The Unseen Critters in Your Crib:

We all spend countless hours every year cleaning our homes. We pick up stray crumbs to keep ants away, and we seal our windows and doors to keep those nasty silverfish out. We treat our dogs and cats for fleas, and most of us kill spiders on sight. We like to think we do a pretty good job of keeping the critters out of our houses. But according to a new study, we might be doing less of a good job than we think.

According to a new survey, your home might have up to 500 different kinds of creepy crawly living in it! Most of these aren’t visible to the naked eye. They’re microscopic creatures called arthropods.

A team of scientists visited 50 different homes in NC to see what they could find. Bear in mind that these homes are cleaned just the average amount, so the results would probably be similar in your home.

The results: over 500 species of tiny insects, all living off of small particles in carpets, behind furniture, and under floorboards. They found anything from book lice, to silverfish, to pillbugs under old couches.

Now, the good new is, most of these critters are completely harmless. They’re only eating things you’d be cleaning up anyway, like dead skin, dust and mold. However, for those of us who are prone to a case of the heebie jeebies, this news might not be super welcome.

If you’re freaked out by the though of all those little creepy crawlies in your home, you might want to look into upgrading your vacuum. A lot of these creatures live on fine dust and dirt particles in carpets and floorboards. While the scientists who conducted the study say there’s no way to totally eradicate these little friends, you can work wonders with a newer vacuum that has HEPA filtration. You can also make a dent in the infestation by getting a pet hair vacuum. Those models have more powerful motors and more thorough filtration systems. So, whether you’re a pet owner or just reluctant to own all those microscopic pets you’ve acquired by accident, your vacuum is now your best friend more than ever. Deal with hair and all the little crawlies that come with it by visiting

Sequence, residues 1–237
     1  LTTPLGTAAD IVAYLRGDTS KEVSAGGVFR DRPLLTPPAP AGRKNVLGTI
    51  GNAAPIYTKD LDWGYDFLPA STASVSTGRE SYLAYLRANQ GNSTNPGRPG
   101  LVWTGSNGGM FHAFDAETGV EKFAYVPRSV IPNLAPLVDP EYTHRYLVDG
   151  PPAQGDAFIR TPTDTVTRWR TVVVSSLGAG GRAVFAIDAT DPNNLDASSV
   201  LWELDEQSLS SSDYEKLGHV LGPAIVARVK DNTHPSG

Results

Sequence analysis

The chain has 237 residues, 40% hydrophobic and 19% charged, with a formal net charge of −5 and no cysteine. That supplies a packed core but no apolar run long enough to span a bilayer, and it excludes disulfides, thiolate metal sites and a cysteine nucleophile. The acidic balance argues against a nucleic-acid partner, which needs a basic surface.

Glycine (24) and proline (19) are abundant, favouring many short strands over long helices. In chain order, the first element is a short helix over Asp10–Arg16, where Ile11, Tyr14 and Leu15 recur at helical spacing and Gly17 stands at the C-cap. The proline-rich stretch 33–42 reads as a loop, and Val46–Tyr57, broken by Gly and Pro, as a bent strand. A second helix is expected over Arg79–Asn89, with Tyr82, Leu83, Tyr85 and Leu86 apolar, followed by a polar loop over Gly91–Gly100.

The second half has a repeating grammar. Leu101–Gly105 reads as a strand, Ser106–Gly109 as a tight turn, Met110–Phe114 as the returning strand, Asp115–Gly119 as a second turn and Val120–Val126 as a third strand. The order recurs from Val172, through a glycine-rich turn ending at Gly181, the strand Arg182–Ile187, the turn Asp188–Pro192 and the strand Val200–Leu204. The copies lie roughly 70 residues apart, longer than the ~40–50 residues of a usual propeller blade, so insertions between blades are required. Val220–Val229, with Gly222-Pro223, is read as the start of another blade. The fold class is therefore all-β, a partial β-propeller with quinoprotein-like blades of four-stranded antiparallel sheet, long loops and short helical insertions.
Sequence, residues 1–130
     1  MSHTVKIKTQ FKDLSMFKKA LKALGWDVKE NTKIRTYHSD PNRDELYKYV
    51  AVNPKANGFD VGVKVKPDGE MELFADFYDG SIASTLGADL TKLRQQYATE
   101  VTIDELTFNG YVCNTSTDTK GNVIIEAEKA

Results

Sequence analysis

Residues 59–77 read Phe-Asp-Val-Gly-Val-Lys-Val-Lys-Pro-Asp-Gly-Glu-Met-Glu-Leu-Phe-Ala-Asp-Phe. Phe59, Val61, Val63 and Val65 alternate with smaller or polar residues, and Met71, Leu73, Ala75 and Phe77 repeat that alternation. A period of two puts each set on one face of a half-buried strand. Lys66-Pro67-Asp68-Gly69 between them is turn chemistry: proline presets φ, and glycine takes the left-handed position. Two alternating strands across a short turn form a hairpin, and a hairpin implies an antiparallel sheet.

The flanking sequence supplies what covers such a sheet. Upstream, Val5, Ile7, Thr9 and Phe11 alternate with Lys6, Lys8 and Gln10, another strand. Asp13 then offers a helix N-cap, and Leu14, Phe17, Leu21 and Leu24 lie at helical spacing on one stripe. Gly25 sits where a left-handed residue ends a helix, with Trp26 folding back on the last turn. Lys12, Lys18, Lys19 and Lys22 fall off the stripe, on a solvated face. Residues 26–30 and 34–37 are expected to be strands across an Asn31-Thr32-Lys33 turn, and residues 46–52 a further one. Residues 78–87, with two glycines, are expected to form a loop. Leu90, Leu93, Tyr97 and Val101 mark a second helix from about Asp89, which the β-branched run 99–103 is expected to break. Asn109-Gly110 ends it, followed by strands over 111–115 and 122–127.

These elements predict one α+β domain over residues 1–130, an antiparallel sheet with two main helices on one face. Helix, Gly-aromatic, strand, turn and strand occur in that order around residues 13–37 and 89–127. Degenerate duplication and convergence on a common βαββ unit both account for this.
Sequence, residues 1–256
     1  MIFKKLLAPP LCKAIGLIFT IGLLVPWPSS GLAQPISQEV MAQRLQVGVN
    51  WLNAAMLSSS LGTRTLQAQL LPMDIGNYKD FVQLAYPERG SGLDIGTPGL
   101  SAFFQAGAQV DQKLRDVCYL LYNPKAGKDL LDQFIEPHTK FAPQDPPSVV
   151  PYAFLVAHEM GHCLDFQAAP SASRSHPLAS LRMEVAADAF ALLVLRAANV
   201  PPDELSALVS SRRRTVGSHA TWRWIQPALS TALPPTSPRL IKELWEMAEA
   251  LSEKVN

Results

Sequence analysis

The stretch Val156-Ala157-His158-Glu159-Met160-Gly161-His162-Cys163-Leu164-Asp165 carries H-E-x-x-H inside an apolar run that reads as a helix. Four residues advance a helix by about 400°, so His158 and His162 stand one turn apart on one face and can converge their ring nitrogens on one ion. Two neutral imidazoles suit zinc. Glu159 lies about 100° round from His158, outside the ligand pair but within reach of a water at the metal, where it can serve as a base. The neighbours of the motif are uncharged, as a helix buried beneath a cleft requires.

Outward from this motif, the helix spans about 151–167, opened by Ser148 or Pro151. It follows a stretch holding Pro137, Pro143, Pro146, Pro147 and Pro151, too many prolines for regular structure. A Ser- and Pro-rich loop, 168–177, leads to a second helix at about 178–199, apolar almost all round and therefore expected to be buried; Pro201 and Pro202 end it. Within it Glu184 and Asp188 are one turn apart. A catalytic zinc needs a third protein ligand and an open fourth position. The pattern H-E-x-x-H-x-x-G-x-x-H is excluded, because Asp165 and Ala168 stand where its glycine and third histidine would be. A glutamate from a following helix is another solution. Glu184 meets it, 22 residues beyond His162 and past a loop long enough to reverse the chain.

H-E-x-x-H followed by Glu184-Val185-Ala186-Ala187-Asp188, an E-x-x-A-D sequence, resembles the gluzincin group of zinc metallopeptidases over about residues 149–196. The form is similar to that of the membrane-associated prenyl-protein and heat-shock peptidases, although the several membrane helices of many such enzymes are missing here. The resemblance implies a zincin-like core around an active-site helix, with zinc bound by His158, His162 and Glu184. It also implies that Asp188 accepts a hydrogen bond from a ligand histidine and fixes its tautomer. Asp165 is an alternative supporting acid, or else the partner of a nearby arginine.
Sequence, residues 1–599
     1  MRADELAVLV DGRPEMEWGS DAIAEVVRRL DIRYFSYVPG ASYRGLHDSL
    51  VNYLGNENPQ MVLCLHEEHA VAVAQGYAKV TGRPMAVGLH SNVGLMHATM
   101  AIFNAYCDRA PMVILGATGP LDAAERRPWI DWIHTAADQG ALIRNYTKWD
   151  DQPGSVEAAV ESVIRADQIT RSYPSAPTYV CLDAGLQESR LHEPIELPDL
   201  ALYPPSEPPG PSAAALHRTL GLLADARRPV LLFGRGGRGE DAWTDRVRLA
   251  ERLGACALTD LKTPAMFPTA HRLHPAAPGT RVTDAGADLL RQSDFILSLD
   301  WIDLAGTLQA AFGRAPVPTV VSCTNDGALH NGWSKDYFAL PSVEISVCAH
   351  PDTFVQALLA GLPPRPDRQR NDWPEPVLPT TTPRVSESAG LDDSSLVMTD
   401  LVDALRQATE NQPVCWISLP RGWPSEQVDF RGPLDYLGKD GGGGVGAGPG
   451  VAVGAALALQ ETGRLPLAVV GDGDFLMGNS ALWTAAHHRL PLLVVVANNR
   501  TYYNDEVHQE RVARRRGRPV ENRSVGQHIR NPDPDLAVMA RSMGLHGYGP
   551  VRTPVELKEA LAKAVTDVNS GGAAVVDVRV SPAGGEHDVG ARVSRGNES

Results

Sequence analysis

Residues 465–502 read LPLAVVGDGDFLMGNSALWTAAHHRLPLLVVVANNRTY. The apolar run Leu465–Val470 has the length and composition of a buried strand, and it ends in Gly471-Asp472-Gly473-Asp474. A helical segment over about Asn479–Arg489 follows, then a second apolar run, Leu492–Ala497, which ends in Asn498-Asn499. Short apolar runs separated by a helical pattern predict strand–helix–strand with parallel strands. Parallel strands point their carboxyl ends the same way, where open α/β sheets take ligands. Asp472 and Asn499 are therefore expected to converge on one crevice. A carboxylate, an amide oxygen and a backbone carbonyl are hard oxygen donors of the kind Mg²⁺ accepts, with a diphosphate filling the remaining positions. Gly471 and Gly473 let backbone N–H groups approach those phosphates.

Keep It In the Ground:

One of the biggest ideological and political movements in the world right now, especially here in America, is divestment. Whether you’re a single investor with a 401K account, or a multinational organization investing major capital, at some point you have to decide which industries to buy stocks in. And for years, that’s meant energy.

However, since we’ve all been seeing the effects of climate change and pollution firsthand, there’s been a concerted effort to keep fossil fuels in the ground. The most popular solution so far has been to make a financial stand by divesting funds from fossil fuel companies like Shell or BP.

This movement is especially visible across college campuses, as student groups and faculty unions attempt to use their leverage to get boards and trustees to take a moral stand with their endowments.

Of course, there has to be another destination for all those funds. That means reinvesting the formerly carbon-based funds into renewable energy projects.

So, what’s proposed is a broadly moral economic shift, with institutions and individual investors shaping their investment portfolios to reflect their social and moral values.

What does this mean for science? It means that billions of dollars will potentially swing from drilling and oil reconnaissance to research and development (as well as construction) for new, renewable power sources. While governments still have yet to make any grand strides past the Paris agreements, we here at Crosscut are hopeful that the divestment movement will show our leaders that responsibly-minded individuals can take charge on our own, and show the leaders how to make concrete change that goes beyond treaties and agreements.

You can learn more about divestment over at the Guardian, where they’ve got an extensive Keep It In The Ground campaign on right now.